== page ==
Despite several setbacks, Westport resident Art Buckman is determined to get his town’s decades-old trapping ban reversed – or at least significantly revised.
“We’ve been seeing coyote activity increasing in our neighborhood,” said Buckman, a director at Westport’s Expense Reduction Analysts. “In February, a pet dog behind our house (on North Ridge Road) was killed, and less than a year ago someone else’s dog was attacked on a street by a coyote. We called the police, but they said there was nothing they could do.”
As president of the street association, Buckman began looking into the processes necessary to reverse Westport’s anti-trapping statute and ultimately presented a petition signed by 30 residents seeking an amendment to its hunting and trapping laws.
The amendment would allow residents to hire a nuisance wildlife control operator for the trapping and removal of coyotes from private property, and allow town officials to do the same on both private and public property, but only with the property owner’s consent.
“A lot of people hear alarm bells when they think of trapping,” Buckman said, “but the facts are that trapping technology has come a long way.” His group is not looking to encourage trapping in a willy-nilly fashion, he said, “but for it to be one of the tools in the toolbox.”
Westport Selectman Helen Garten has been one of those hearing alarm bells, having gotten into politics when the town’s Parks and Recreation Department was seeking to impose stricter regulations on dogs being walked on the beach.
“We recognize that there are problems when it’s coyotes versus humans or versus domestic pets,” she said. “But trapping does not work.”
Instead, she said, the town has embarked on an educational push, distributing information to veterinarians and on Westport’s website that detail how to “haze” coyotes to get them to leave the area. Making loud noises, standing one’s ground and making sure that food – both for one’s family and one’s pets – isn’t left out will generally discourage long coyote stays, she said.
The Humane Society of the United States has also taken an interest in the Westport situation. “We’re against trapping for a number of reasons,” said the organization’s Connecticut Senior State Director Annie Hornish. “Not only for the inhumane aspect of them – we’ve all seen reports of animals chewing off their own legs to escape even the most ‘humane’ leg traps – but also for the possibility that you might trap one of a pack’s alphas. When that happens, the others start to mate, and you end up with even more coyotes. Trapping just doesn’t work.”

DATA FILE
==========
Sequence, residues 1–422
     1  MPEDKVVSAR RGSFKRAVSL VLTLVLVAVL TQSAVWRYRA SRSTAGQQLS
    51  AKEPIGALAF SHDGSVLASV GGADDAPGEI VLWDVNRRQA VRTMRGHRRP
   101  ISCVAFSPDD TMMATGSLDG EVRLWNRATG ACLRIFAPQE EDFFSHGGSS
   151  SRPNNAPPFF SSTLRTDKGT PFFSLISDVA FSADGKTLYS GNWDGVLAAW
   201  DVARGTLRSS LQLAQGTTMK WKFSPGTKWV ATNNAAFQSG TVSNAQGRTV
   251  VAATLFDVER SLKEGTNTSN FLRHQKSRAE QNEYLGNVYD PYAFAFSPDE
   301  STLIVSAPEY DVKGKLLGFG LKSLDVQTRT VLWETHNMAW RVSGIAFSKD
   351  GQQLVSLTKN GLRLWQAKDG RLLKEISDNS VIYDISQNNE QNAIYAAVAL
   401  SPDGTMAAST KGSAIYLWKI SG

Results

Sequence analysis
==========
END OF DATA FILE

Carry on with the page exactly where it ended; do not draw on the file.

Hornish also noted that setting traps for coyotes does not necessarily mean a coyote will end up in the trap. “Raccoons, foxes … even people’s dogs and cats, and unfortunately children, can be the victims,” she said.
According to the HSUS website, “Coyote attacks on people are very rare. More people are killed by errant golf balls and flying champagne corks each year than are bitten by coyotes.”
In a representative town meeting (RTM) on the petition, the Public Protection Committee, the Environment Committee and the Parks and Recreation Committee voted against it.
Nevertheless, Buckman said, he’s pressing on with the issue and plans to present it at a full RTM committee hearing in September.
“There’s a lot of misinformation out there,” he said. “We’re not saying, ‘If you see a coyote, all of a sudden you should start trapping.’”
He was also insistent that he wasn’t looking to encourage hunting coyotes for sport; according to one report published last year, a coyote pelt could sell for nearly $100.
“These animals are not afraid of people,” Buckman said, “and trapping is one way of resolving the problem.”
“It’s up to the RTM,” Garten said. “My personal view is that I hope they don’t take any action.”